I’ve had Eating in America: A History by Waverley Root and Richard de Rochemont on my shelf of unread books for years. But recently, The Food of Italy by Waverley Root turned up on a list of recommended reads for people planning a trip to Italy, and having started that book, I turned to Eating in America. It starts with seafarers and Native Americans and continues through refrigeration and the modern American sweet tooth. Why did I let it languish so long?
And that segues into cookbooks. Of all my book loves, cookbook loves are the most fickle. I’ve had my low-calorie, low-fat, low-glycemic-index, low-carb, pressure-cooking, microwaving, slow-cooking, blending, cooking-for-one-or-two infatuations. But two cookbooks have held steady in my heart: The Doubleday Cookbook—the best encyclopedic cookbook out there—and Culinary Classics and Improvisations—the best leftovers cookbook in the world!
Memoir & biography
As a category, I’m coming to a greater appreciation of memoir and biography. For example, The Glass Castleby Jannette Walls, West With the Night by Beryl Markham, and at the recent Gaithersburg Book Festival, I bought “Most Blessed of the Patriarchs” by Annette Gordon Reed and Peter S. Onuf, a recent and atypical biography of Thomas Jefferson—which is still untested but very promising.
When it comes to books about which my feelings have undergone a sea-change, the Bible is in a category by itself. Once upon a time, I believed it was literally the word of God. Now I don’t. Enough said.
As I’ve become a writer, my interest in the mystery genre has waned. I lost interest in Patricia Cornwell early on because her protagonist, Kate Scarpetta, didn’t grow or develop. But former favorites from Sue Grafton to Rex Stout just don’t grab me anymore.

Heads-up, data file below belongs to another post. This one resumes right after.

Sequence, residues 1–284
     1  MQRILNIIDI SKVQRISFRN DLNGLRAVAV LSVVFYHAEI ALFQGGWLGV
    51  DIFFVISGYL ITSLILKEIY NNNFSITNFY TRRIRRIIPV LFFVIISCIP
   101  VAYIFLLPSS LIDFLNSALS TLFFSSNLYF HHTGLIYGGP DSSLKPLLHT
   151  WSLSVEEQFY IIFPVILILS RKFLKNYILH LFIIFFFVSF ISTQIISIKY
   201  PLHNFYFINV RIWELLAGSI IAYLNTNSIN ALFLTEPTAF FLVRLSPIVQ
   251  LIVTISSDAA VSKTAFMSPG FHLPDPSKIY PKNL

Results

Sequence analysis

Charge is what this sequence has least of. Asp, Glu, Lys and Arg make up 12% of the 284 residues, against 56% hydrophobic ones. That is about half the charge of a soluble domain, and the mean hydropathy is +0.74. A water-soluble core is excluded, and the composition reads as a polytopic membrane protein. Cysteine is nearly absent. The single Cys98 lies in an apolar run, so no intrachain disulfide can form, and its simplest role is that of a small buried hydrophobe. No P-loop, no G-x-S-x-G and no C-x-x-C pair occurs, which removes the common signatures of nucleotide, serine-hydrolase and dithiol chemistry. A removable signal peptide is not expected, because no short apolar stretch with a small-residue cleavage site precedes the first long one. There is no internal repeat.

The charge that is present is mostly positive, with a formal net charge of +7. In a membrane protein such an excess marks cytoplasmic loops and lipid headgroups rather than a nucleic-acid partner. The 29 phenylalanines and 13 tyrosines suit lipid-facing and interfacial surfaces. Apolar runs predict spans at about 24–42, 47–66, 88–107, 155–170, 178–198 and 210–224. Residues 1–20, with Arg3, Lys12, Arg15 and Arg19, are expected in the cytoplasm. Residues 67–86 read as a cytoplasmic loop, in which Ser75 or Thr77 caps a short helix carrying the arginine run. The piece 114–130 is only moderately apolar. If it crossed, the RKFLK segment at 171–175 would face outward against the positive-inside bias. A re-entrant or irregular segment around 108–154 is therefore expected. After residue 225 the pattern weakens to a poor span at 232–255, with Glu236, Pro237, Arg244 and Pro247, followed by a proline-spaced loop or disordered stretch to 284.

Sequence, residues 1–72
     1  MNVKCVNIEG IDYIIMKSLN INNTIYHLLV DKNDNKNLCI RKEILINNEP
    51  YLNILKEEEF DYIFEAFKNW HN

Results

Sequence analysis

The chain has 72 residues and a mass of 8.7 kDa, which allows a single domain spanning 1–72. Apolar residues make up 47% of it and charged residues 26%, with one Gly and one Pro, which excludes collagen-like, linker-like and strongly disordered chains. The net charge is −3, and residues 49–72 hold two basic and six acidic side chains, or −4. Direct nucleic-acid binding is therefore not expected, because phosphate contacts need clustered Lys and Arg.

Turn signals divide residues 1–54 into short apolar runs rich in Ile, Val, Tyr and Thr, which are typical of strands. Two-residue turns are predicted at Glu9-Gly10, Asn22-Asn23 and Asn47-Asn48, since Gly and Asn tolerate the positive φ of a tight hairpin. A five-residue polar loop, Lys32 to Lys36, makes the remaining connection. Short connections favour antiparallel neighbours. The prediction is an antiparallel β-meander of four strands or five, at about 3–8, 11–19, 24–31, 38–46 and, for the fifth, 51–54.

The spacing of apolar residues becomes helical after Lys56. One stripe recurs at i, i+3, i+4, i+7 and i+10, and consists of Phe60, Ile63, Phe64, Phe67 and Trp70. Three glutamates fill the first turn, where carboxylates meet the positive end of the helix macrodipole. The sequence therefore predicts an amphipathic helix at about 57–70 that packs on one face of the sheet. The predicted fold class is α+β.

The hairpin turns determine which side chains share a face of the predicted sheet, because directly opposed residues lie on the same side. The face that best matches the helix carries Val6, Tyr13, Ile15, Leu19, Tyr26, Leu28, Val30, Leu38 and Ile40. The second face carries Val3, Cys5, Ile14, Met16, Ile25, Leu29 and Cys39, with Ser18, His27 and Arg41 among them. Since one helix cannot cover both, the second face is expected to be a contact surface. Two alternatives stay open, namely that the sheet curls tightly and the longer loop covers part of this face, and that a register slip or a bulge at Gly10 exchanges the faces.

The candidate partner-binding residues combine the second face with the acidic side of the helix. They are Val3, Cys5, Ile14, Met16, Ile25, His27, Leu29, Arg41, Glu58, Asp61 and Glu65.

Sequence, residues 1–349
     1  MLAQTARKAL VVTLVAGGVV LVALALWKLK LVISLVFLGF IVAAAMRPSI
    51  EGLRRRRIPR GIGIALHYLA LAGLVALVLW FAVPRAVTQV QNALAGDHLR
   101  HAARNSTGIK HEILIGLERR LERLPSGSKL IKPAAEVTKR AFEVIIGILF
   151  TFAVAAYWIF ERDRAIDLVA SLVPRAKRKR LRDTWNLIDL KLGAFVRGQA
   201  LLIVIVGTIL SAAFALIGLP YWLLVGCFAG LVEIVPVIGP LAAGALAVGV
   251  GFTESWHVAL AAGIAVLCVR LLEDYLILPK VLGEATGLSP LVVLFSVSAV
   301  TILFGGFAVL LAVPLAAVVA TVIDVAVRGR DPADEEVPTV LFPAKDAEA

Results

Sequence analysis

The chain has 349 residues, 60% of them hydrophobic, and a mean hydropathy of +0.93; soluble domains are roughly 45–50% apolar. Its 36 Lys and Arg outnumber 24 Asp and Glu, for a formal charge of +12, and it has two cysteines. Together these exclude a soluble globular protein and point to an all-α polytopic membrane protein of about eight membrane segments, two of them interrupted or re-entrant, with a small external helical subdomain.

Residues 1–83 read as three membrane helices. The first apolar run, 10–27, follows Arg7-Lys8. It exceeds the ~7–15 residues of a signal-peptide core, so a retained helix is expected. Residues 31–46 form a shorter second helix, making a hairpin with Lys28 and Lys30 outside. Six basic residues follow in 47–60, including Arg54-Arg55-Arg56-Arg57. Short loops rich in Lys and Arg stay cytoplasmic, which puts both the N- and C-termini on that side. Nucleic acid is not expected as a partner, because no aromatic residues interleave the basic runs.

And last but not least, I’m no longer in love with the six volumes of The Dictionary of American Regional English. I really regret it. But being able to look up a word and find out where it’s used isn’t nearly as useful as it would be if I could look up a region and get typical word usage!
What books are waxing, waning, or shifting ground in you heart?
As you probably know by now, I collect books the way a magnet collects iron filings. Whatever you want to do with your writing life—or with your life in general—there’s a book for that! And probably a class as well. Do an online search for writing classes in your area and see what comes up! Some have a modest fee—or an immodest one! Check local libraries and retirement communities, which in the Richmond area often offer such instruction free.
Every writer’s heard the advice, “Write what you know.” And what do you know better than your own life, right? But memoir is supposed to be as thorough, true, and factual as the writer can make it. So memoir isn’t for everyone. And so far at least, it’s not for me. Of the dozens of short stories I’ve had published, none is memoir.
On the other hand, most of them are memoir-based fiction. Such fiction still tells a true story, but is based only partly on “what really happened.” There are fewer helpful books in this area—on my shelves, at least—but two recent favorites are by Meg Files and Robin Hemley.